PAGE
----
Rebalancing urban life block by block
Our urban environment disappoints too often. It does not feel human centered, it fractures social bonds, there is not enough nature, it is difficult to get around and to find easy access to facilities. It creates stress. What if we were to redesign our cities to truly meet our needs? Can we retrofit our existing fabric to change this? And might ‘Superblocks’ be one answer? Superblocks are ca. 400 by 400 metres containing a community around 5000–6000 inhabitants per block. Our panel summarises the key learnings from cities who have been experimenting with the concept. This includes Silvia Casorrán, a Barcelona councilor leading the city’s superblock work; Catherine Gall, colleague of scientist Carlos Moreno, whose ‘15-Minute City’ concept closely related to the superblock approach has been adopted by Paris (among many other metropolises); and global city design practitioner Helle Søholt, who leads Gehl Architects in Copenhagen.
This session is part of a 5-part series run by the BMW Foundation Herbert Quandt’s ‘RISE Cities’ programme. RISE Cities explores the leadership required to enable our urban environments to be more resilient, intelligent, sustainable and equitable (RISE).
Founding Partner & CEO/ Gehl Architects
Helle Søholt is Founding Partner & CEO of Gehl Architects, the internationally acclaimed firm within the field of urban design and development recognised for major contributions to making cities more livable and sustainable around the world. Helle and her colleagues are acting as a sparring partner for the RISE City Lab Munich.
Deputy Chief Architect/ Barcelona City Council
Silvia Casorrán is Deputy Chief Architect at Barcelona City Council, and
Councilor for Mobility and Accessibility for the city’s Sant Martí District. She has spent the past twenty years working to advance the sustainable mobility planning and management agenda, for the last five years as a public servant. Since 2015 Silvia has also been responsible for the Metropolitan Bicycle Office and for coordinating the Spanish Cycling Cities Network, as well as having spent many years as an activist fighting for better civic spaces.
Executive Director/ ETI Research Laboratory
Catherine Gall is the Executive Director of the Sorbonne based ETI Research
Laboratory (Entrepreneurship Territory Innovation) created by Professors Carlos Moreno, Didier Chabaud and Florent Pratlong and specialized in challenging conventional city planning models. The ETI Lab is well known today for their “15-minute City Model”. Catherine is also an experienced creative design thinker, business leader and entrepreneur, as well as a member of the Responsible Leaders Network of the BMW Foundation Herbert Quandt.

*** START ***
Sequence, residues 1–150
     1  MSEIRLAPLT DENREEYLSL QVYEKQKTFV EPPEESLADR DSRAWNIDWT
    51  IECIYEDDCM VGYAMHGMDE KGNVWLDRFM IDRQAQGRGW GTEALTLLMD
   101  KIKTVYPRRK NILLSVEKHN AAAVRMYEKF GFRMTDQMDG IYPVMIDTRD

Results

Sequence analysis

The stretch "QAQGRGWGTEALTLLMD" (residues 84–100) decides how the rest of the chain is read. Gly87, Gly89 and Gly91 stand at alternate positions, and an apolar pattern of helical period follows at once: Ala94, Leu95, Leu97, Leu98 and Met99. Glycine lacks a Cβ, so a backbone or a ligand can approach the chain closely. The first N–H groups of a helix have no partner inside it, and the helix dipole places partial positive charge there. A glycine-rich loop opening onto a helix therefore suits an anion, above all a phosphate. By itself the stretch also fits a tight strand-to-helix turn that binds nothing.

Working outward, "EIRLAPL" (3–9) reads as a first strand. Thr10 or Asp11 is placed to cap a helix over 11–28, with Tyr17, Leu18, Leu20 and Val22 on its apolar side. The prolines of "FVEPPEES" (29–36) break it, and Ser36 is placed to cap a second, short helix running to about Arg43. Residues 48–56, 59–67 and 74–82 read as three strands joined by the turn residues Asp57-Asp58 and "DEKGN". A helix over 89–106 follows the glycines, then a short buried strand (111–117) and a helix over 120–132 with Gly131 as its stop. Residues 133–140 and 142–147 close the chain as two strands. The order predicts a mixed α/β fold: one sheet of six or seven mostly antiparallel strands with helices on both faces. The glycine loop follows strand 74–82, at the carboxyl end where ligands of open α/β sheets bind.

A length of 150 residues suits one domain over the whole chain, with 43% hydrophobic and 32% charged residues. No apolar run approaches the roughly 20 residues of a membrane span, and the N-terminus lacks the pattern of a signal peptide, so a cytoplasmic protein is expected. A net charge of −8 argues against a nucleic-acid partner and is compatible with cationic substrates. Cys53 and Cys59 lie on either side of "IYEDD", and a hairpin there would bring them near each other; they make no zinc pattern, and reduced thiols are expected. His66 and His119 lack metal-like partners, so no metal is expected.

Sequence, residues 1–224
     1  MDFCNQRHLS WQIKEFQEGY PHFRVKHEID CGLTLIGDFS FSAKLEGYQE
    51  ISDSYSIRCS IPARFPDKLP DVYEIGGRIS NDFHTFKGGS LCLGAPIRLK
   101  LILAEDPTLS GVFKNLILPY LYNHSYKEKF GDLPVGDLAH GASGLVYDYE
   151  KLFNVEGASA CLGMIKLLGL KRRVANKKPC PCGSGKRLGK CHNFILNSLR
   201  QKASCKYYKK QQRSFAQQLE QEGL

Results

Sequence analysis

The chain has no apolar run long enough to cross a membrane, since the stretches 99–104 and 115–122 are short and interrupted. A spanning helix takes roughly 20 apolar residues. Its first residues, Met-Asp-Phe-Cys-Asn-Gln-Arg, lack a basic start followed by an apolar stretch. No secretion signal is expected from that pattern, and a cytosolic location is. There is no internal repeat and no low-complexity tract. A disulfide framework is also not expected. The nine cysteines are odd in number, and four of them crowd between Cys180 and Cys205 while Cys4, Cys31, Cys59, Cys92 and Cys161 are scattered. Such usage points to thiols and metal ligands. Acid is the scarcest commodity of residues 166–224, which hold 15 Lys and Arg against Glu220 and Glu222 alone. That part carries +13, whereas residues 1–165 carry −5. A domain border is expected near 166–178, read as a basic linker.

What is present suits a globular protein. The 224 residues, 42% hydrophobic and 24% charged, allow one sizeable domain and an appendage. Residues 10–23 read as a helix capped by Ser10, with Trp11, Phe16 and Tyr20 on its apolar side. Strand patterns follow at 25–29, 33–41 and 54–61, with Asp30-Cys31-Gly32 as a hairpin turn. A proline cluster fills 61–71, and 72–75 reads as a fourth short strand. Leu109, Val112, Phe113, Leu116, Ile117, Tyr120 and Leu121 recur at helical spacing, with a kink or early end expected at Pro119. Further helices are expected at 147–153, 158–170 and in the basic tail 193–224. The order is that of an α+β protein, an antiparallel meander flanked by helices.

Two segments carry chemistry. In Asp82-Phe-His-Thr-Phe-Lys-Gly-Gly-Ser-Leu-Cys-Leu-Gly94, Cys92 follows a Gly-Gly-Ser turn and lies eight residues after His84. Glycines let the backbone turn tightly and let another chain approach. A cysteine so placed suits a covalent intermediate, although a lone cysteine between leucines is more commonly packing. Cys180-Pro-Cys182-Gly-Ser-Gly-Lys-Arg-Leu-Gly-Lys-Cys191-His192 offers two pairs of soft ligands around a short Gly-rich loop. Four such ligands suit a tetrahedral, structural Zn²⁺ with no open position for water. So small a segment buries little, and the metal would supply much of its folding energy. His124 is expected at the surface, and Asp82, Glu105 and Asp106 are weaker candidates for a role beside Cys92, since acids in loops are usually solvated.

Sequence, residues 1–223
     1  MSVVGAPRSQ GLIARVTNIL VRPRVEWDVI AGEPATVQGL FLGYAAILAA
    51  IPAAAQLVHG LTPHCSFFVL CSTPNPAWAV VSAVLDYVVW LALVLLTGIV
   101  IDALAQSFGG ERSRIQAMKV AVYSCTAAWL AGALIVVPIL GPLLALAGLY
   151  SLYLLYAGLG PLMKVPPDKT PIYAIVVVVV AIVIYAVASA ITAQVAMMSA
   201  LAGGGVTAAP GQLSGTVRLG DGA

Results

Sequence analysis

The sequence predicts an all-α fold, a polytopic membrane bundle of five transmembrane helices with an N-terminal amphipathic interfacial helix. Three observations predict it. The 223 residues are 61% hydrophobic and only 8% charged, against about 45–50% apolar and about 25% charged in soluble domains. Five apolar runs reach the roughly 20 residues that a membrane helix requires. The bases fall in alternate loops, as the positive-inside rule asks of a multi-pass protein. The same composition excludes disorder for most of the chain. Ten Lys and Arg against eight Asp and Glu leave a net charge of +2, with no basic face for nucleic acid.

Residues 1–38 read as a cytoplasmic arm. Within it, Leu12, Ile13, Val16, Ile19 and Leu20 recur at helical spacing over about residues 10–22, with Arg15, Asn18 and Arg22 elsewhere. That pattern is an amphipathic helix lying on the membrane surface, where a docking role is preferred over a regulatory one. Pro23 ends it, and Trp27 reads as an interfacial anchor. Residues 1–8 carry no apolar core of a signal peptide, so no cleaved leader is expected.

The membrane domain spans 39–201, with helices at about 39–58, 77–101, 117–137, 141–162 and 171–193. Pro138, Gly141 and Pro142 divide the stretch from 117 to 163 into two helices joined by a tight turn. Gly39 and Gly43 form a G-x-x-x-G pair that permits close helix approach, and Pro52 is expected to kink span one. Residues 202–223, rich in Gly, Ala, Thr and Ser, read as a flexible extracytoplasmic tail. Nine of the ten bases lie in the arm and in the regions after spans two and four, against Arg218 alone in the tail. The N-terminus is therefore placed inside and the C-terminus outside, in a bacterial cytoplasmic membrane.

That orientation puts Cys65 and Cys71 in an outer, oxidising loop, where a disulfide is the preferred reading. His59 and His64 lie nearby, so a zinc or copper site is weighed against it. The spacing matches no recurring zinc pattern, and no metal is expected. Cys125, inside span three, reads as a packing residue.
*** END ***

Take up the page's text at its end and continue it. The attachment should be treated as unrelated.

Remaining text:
deputy mayor/ City of Munich
Katrin Habenschaden is the deputy mayor of Munich, a position she has held since May 2020. Prior to this she was an elected city councilor for the Green Party from 2014 to 2020. Katrin is chairwoman of the committees for construction, labor and economy, culture, climate and environment, and mobility. She has given her patronage to the RISE City Lab Munich in 2021.
President / Creative Bureaucracy Festival
Charles Landry is an international authority on the use of imagination and creativity in urban change. He is best known for having invented the concept of the Creative City in the late 1980s. Its focus is how cities can create the enabling conditions for people and organizations to think, plan and act with imagination to solve problems and develop opportunities. The notion has become a global movement and changed the way cities thought about their capabilities and resources.
Charles noticed, however, that there was a crucial gap in the Creative City concept that needed addressing: a focus on the vital role of bureaucrats as facilitators and drivers of change. It was at this point that he came up with the Creative Bureaucracy idea – a seed planted 3 years ago which has since developed into the movement you’re part of today.
Charles helps cities and the public administrations behind them to identify and make the most of their potential by triggering their inventiveness and thinking and by opening up new conversations about their future. His aim is to help cities become more resilient, self-sustaining and to punch above their weight.